‘This Will be a High Bar’ for Quinn’s Junction Development Applicant

Nov 13, 2020

The Park City Film Studios at Quinn's Junction
Credit Utah Film Commission

The developer of the Quinn’s Junction area that includes the Park City Film Studios has submitted an application to the city to amend their 2012 development agreement. The city council said at Thursday night’s meeting the applicant better have a good reason to request the change.  

 

The property south of Kearns Blvd. at Quinn’s Junction was already the subject of a hard-fought approval process nearly a decade ago when the original development agreement was approved in 2012.

 

In addition to the Park City Film Studios, plans have been in place to construct a hotel, along with several other film-industry related buildings. 

 

Quinn Capital Partners submitted the request. According to the application, there are over 250,000 square feet of undeveloped density and Quinn Capital Partners is seeking to amend the development agreement to allow for conditional uses of the remaining building footprints.

 

Quinn Capital Partners says if the amendment is approved, it will result in a mixed-used development that includes affordable housing, a grocery store, and office space.

 

Reaction from the council on Thursday night was not very enthusiastic. Many members were involved in the process themselves or part of the community during the original application process in 2012.

 

Councilmember Max Doilney said he was surprised to see the application, given how big an undertaking the first development agreement was.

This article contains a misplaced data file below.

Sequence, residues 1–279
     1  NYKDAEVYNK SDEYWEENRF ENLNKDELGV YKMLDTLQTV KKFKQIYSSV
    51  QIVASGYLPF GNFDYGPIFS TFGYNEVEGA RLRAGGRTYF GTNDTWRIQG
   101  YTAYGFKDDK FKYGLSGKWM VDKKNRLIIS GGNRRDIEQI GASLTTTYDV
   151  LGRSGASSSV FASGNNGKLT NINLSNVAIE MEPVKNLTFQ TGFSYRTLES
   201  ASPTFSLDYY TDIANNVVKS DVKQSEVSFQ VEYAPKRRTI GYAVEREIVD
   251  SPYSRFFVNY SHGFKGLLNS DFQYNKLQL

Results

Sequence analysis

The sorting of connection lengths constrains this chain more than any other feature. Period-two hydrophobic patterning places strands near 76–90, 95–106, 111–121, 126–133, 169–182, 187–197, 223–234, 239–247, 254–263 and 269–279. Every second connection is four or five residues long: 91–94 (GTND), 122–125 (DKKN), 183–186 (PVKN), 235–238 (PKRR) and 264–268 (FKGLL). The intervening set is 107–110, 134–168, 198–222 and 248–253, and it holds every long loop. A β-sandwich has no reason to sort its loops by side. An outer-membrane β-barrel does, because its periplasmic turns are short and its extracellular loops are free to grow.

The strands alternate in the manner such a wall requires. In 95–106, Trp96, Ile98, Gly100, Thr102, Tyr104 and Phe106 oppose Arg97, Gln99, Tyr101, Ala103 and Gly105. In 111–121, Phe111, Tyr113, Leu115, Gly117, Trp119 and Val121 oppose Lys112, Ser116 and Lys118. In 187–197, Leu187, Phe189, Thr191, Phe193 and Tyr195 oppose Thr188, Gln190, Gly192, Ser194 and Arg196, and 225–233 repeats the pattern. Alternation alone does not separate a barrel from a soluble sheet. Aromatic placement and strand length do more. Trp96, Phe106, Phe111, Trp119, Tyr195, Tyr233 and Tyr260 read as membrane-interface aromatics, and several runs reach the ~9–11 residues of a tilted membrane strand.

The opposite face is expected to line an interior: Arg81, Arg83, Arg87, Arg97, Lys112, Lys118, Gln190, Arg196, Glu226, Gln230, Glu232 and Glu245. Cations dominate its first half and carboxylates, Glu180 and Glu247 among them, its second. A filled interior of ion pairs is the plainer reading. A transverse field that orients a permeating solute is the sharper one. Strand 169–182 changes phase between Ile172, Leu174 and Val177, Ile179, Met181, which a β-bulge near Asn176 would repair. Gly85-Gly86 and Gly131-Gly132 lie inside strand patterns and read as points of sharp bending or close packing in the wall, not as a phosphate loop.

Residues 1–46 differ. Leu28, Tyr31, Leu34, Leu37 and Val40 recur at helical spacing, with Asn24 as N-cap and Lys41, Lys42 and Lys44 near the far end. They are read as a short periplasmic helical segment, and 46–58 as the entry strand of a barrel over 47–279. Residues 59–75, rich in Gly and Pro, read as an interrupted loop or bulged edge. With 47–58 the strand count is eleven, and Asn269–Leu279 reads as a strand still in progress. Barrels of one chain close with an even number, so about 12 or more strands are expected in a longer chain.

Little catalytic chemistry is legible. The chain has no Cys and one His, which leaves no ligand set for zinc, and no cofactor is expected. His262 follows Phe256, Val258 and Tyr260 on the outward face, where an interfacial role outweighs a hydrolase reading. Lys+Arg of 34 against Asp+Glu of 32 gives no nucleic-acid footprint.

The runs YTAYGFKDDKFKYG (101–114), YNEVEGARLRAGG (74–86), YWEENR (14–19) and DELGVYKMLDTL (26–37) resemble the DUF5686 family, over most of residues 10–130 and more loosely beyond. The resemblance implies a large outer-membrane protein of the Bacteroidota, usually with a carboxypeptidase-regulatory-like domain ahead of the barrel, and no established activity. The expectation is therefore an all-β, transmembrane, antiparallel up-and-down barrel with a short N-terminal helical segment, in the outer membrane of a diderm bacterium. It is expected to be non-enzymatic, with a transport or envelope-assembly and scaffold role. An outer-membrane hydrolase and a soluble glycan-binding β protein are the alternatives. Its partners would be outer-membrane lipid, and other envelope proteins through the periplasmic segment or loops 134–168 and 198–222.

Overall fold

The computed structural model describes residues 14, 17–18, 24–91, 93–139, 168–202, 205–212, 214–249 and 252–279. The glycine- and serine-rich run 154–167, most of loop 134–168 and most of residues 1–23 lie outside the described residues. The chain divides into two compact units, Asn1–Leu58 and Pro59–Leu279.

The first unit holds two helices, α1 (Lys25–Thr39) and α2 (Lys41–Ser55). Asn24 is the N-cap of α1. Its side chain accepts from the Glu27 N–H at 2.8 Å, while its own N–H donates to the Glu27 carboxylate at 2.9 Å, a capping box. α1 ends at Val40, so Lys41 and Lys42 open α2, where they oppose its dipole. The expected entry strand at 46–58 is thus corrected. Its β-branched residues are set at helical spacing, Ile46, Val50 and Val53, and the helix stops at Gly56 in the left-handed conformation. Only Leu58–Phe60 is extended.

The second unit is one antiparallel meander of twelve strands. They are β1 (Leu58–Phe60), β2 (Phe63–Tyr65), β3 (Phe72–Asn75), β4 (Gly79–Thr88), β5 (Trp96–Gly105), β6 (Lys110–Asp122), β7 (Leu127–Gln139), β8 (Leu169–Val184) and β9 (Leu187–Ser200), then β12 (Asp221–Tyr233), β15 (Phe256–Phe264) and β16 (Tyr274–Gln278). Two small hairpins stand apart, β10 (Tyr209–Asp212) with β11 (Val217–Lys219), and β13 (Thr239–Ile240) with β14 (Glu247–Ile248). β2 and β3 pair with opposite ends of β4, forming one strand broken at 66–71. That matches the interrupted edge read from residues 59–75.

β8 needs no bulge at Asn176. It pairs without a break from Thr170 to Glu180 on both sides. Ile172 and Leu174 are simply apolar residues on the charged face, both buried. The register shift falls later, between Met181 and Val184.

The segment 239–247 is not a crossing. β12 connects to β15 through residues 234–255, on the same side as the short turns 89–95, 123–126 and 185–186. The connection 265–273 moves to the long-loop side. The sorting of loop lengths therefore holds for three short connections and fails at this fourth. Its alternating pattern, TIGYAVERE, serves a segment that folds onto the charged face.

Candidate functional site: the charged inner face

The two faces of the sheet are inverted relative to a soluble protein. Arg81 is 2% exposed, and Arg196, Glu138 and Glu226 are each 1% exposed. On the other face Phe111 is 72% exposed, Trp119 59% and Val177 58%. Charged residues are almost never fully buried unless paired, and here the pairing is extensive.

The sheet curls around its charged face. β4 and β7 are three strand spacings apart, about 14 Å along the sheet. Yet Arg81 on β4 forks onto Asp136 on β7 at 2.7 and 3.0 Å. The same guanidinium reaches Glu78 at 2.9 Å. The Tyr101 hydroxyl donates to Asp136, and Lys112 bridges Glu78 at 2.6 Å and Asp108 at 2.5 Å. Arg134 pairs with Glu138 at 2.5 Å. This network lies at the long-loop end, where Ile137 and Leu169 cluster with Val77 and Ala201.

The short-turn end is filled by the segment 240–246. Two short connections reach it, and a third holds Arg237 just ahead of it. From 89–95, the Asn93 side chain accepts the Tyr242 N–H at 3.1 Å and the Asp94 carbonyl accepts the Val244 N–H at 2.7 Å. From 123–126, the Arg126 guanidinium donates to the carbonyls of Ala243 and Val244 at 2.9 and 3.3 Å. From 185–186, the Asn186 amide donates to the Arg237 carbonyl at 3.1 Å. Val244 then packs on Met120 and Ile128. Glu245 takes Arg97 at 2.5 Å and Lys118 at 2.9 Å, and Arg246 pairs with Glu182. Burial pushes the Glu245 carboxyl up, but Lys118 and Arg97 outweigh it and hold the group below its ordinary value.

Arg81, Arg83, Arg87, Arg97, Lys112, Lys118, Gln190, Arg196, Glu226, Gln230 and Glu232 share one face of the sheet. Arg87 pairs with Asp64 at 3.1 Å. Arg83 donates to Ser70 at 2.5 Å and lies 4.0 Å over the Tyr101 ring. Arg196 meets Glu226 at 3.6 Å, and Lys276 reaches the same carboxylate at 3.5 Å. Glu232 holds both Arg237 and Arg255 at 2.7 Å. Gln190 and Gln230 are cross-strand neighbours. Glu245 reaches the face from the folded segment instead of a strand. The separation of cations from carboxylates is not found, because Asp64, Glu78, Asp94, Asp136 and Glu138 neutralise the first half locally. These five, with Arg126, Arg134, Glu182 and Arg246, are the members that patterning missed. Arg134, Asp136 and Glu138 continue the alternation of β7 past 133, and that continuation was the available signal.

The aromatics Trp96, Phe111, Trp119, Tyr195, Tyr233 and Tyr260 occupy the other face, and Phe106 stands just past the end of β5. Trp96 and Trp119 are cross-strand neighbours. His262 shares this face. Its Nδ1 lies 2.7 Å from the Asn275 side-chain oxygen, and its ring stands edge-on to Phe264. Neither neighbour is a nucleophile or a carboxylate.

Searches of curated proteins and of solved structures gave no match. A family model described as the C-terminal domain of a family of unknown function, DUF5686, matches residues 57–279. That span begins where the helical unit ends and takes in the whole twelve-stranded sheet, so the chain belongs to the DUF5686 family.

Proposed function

“Frankly, I’m a little surprised to even see it,” said Doilney. “I just think there are so many of these conversations already happening and everybody wants to change their zoning to mixed use and everybody wants to do this stuff. I just, I don’t know, it seemed like this was a big enough process the first time.”

 

Park City Mayor Andy Beerman was a councilmember himself in 2012 and remembered how contentious the original process was. He said any amendments to the 2012 agreement should be looked at very carefully. 

 

“I was on council while we went through this development agreement and I sat through all of the planning commission meetings as well as the council meetings and it was a hard-fought development agreement that puts very specific conditions on things,” Beerman said. “Because of that, I think it’s something that should not be taken lightly and if the developer is bringing it back to council, I hope they have a very, very good reason why they want us to make any changes because it was specific for a reason.”

 

Councilmember Steve Joyce shared Beerman’s sentiments and added the proposed changes should add community value above everything, or else he’s not interested.

 

“This is gonna be a high, high bar,” he said. “Don’t come bring something about, you know, ‘hey, movie studio is not working out so now we want to build a shopping center.’ That’s just not gonna cut it so you better be bringing community value out the ying-yang before we even think about this.” 

 

City council decided on Thursday to add the application to a future council work session as opposed to sending it to the planning commission first.

 

Council said they want to determine whether or not they are even interested in exploring the application further before significant time and resources are spent on the project by the city.